World first trials investigating targeted bladder cancer treatment

A group of five men and women stand together with a young child. One of the women holds a baby.
Above: Frank Waters (back right) with his family. Below: Frank with his grandchild.
July 5, 2021

After recovering from a malignant melanoma more than three decades ago, it was the diagnosis of bladder cancer that completely changed 67 year old Frank Waters’ life.

“My outlook on life has been significantly altered – now I’m very grateful just to be here,” Frank said.

The Dawesville grandfather had surgery in October last year to remove his bladder and prostate.

Having worked various jobs since the age of 13, the cancer treatment and subsequent recovery forced him in to early retirement.

With more time on his hands, Frank chose to take part in a world first research trial run by Fiona Stanley Hospital (FSH), SUBDUE-1, which investigates the injection of a new type of cancer therapy directly into the bladder.

The drug, known as Durvalumab, is commonly used to treat several cancers that have spread including bladder cancer and has previously been injected into a vein.Frank with his grandchild touching his face.

Led by FSH Head of Urology Professor Dickon Hayne, the trial was developed with ANZUP and supported by an ANZUP Below the Belt grant and also the Spinnaker Foundation.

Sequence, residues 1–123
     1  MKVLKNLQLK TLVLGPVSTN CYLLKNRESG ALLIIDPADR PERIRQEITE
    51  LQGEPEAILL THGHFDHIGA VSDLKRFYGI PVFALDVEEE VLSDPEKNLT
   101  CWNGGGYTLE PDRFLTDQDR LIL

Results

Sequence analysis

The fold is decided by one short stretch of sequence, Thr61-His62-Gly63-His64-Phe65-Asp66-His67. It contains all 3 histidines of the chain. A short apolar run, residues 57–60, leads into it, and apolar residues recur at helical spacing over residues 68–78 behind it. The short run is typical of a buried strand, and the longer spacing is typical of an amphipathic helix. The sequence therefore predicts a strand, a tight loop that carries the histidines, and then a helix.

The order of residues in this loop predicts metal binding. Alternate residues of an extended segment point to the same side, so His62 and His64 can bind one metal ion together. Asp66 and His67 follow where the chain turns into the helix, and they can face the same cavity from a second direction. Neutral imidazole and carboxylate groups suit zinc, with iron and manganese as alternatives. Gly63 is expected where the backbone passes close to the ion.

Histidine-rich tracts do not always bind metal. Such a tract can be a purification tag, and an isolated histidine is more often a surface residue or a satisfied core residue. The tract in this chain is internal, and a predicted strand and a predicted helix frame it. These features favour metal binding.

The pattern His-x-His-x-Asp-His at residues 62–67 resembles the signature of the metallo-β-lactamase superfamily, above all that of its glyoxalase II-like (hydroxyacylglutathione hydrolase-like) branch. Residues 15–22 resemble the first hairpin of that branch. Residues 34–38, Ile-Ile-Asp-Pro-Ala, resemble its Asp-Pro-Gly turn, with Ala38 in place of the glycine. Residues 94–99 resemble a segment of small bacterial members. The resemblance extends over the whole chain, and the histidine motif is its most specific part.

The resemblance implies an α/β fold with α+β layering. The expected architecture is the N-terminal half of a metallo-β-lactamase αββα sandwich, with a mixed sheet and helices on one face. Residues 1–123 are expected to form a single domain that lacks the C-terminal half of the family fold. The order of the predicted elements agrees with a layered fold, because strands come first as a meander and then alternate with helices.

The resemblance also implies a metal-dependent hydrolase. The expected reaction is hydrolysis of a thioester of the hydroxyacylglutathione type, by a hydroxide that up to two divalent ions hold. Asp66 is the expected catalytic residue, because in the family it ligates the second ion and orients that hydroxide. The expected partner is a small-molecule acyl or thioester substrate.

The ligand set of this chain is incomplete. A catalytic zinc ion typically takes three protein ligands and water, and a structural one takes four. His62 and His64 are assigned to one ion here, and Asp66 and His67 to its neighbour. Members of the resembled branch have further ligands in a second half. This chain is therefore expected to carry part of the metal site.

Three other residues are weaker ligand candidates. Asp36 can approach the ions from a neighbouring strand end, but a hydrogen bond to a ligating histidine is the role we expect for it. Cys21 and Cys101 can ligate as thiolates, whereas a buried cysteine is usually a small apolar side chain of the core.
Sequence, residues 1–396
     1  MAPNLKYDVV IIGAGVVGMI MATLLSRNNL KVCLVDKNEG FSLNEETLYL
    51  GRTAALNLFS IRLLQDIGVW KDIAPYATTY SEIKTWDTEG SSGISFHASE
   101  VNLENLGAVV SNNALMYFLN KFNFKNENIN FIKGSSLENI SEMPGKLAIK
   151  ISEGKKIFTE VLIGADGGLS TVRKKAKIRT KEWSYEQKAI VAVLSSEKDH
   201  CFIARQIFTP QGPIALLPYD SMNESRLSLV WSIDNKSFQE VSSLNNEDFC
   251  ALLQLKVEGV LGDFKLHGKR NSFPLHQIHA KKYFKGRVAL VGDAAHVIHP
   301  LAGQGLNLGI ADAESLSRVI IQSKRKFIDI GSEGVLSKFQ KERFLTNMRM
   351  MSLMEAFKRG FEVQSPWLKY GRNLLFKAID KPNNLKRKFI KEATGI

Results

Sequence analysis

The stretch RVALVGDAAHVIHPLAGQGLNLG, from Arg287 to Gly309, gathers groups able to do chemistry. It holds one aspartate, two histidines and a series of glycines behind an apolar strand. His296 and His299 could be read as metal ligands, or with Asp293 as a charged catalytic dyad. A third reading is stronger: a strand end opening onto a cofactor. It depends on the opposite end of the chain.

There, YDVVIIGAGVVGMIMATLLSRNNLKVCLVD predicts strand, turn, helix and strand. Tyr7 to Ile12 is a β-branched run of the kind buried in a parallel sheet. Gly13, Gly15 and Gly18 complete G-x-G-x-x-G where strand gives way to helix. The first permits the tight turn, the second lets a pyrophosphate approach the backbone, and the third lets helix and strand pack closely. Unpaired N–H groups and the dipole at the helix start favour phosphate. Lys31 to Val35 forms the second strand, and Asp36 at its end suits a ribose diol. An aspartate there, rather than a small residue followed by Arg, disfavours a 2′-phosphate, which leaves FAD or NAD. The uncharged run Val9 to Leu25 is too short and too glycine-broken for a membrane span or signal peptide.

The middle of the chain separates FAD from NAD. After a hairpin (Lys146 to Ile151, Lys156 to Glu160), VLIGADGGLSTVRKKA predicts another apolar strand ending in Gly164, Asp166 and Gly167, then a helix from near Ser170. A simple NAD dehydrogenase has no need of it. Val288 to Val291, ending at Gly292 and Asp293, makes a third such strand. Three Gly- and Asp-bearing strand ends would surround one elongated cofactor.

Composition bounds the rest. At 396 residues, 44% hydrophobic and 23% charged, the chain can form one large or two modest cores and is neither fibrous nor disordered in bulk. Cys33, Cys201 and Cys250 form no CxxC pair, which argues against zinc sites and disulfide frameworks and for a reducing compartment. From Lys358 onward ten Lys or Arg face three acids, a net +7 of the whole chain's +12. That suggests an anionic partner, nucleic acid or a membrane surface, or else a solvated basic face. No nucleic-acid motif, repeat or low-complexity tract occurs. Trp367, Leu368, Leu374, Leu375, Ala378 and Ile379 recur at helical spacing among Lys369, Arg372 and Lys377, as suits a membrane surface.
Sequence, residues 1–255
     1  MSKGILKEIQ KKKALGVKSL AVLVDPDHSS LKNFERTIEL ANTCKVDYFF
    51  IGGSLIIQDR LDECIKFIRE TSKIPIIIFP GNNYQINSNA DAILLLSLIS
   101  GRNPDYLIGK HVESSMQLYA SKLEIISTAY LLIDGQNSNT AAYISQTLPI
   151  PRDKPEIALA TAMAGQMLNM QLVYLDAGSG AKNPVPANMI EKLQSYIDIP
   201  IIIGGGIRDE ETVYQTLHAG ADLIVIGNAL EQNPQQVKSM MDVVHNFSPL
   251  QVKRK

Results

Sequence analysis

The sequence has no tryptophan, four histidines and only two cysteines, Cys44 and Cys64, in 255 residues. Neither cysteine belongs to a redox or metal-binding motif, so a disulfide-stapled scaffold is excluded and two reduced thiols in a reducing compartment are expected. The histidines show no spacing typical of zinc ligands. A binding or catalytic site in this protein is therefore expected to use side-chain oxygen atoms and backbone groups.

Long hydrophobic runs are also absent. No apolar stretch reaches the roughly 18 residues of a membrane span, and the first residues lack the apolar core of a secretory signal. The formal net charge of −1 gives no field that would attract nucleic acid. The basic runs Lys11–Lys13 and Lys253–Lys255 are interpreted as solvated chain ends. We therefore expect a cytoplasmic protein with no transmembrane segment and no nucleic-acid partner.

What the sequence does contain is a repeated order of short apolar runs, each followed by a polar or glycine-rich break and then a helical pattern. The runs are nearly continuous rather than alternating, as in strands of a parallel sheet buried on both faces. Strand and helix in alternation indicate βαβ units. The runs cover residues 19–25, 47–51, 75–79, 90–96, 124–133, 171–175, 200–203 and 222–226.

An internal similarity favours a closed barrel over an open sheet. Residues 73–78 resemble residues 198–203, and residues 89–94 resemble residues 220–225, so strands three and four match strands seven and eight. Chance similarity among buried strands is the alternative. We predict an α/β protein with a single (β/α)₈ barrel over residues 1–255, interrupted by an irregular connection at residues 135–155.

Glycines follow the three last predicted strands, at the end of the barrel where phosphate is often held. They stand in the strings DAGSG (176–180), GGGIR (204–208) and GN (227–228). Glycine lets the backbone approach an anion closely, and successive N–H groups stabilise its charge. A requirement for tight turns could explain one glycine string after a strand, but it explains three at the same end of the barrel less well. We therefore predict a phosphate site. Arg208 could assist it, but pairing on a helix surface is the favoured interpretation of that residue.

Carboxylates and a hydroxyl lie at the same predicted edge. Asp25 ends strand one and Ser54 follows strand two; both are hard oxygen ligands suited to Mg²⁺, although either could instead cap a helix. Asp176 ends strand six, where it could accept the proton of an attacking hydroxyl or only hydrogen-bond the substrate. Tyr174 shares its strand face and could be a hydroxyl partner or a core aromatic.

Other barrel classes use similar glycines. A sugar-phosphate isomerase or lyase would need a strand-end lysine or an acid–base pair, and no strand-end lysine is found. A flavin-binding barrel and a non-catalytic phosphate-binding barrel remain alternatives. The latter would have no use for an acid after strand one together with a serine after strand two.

“This trial is the first time any of this class of drugs, known as check point inhibitors, have been injected directly into the bladder,” Dickon said.

“We will then look at the bladder tissue some weeks after the injection to see if the drug is effectively treating the cancer.

“By giving the drug directly into the bladder, it’s hoped it will treat cancers that might otherwise progress - creating an entirely new treatment for bladder cancer.”

FSH is also leading the way with another bladder cancer research trial, ZiP-UP, which has just included it’s first patient.

The trial will recruit 20 patients over the next 12 months to investigate a new type of PET scan to detect localised and metastatic bladder cancer.

“PET scans combine normal CT scans with a radioactive tracer that ‘sticks’ to the cancer so you can see where it is,” Dickon said.

“In a cancer where outcomes are worsening throughout Australia, better staging and therapy planning are absolutely essential.

“We are pleased to have included the first patient in this important diagnostic study which, in the future, has the potential to develop into a new therapy.”

For Frank, he is willing to do whatever it takes to reclaim his health which includes investing in research.

“Without research there is no future for any cancer treatment – while it may not necessarily help me it could save my grandchildren.”

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